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Why Everyone Should Be Self-Partnered

Self-partnership is beneficial for all individuals—those in relationships, too.

Photo by Omar Lopez on Unsplash.
Source: Photo by Omar Lopez on Unsplash.

Earlier this month, the term “self-partnered” went viral. Actress Emma Watson noted that she’s “very happy” not being in a relationship: “I call it self-partnered.” After the interview came out, people had all sorts of reactions, from support to scorn.

Singles experts also voiced their opinions. Psychologist Bella DePaulo noted that she likes her phrase “single at heart” better, given that it takes the unspoken goal of partnership out of the equation. Solo-ish columnist Lisa Bonos discussed the difficulties in finding a positive term for singles. She recalled when a dating coach told her to use the term “available,” which she found creepy.

Initially, I wanted to write a piece on the healing power of self-partnering, assuming that those who are self-partnered are also single. But I’ve realized that this is hugely limiting—and can even have detrimental effects. Self-partnering denotes a commitment to honoring one’s needs, healing one’s wounds, and working towards self-growth and self-actualization. This daily dedication holds tremendous benefits for all people, regardless of whether or not they have other partners.

When those in relationships aren’t self-partnered, it can have devastating effects. I frequently work with couples who have transferred the responsibility for their own well-being to their partners, which can cause blame and conflict. Of course, being in relationships can provide deep opportunities for growth and mutual healing. But if partners haven’t attempted to process and heal their own unresolved trauma, they will often become stuck in a loop of frustration and pain.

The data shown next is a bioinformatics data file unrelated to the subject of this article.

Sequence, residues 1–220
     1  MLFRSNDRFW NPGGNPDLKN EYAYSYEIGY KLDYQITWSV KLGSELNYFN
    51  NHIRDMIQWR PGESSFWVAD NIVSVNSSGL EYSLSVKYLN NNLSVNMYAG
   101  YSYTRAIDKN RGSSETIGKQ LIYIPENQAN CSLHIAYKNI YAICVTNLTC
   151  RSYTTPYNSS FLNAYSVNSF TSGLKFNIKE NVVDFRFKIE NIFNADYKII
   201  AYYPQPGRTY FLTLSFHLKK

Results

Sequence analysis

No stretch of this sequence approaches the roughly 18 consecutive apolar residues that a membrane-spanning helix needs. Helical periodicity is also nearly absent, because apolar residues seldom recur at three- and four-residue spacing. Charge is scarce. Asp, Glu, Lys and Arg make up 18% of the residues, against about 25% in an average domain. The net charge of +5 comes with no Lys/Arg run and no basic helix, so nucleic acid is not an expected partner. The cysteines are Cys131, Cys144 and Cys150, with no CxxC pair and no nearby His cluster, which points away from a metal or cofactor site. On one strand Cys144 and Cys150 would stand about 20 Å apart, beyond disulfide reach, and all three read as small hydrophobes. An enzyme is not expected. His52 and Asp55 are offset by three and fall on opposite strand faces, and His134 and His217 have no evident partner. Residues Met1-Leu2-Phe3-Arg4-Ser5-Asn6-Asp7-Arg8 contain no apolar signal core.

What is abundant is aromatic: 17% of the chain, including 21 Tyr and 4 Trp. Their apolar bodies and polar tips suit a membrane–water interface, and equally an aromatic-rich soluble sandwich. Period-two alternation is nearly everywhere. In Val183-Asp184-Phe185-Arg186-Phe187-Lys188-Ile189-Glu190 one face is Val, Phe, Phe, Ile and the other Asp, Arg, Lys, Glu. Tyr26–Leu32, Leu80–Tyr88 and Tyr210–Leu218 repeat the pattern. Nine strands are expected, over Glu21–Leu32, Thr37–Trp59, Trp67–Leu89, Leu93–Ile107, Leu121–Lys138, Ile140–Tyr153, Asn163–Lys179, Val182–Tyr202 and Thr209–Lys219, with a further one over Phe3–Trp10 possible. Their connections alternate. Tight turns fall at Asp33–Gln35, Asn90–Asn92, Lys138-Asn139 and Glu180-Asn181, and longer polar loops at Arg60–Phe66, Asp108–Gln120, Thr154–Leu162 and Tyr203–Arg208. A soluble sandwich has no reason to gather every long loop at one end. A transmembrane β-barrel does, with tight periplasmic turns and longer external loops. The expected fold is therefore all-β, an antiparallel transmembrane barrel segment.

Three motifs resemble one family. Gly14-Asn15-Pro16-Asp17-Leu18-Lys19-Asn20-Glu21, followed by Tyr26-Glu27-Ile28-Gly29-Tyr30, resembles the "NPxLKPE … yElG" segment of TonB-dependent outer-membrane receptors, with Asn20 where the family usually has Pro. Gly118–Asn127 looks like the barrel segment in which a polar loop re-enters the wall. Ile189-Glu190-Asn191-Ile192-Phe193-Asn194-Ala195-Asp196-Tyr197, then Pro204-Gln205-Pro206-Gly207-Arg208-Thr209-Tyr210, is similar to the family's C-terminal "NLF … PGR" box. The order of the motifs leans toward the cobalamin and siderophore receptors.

Despite its importance, self-partnership is often treated as a consolation prize for those who are single. Sometimes it’s couched in practical terms: Take that three-month ancestral trip now, because once you have a partner/s, it will be difficult to be away that long. But given that single people are actively discriminated against, there’s more to the story. Often our society treats being single as a life stage to be slogged through before meeting a partner/s—which is when the supposedly more mature and fulfilling stage begins. This can cause single people to feel shame and anxiety, especially if they are actively searching for partners and haven’t found them yet.

There are reasons that our society wants single people—especially those who identify as female—to feel pressure to find a traditional partner. Emily and Amelia Nagosky discuss “human giver syndrome” in their book Burnout, which posits that our society can be divided into “human givers” and “human beings.” Human givers are expected to use all of their time and energy to support human beings. You can probably guess which gender is associated with which category.

Our society also makes self-partnering more difficult in the context of a relationship. Beyond the simple time and effort of caring for another (which increases exponentially with children), people often think of the idea of self-care and self-growth to be selfish or self-involved. Additionally, women in heterosexual relationships still take on more household responsibilities than their male partners, even when both partners are working, which can take time and energy away from this pursuit. Joanna Scutts furthers explains this concept in a post on Medium.

In the following weeks, I will share ways that everyone can work on self-partnering, regardless of whether they or not they have partners. These will include a self-focus on deprogramming societal expectations, experimenting with pleasure, and facing your worst fears. My hope is that the conversation will continue to shift from how to be happy and empowered while single to how to be happy and empowered full stop.

I’d love to hear from you. What do you think about the idea of being self-partnered? Do you believe people in relationships can be self-partnered?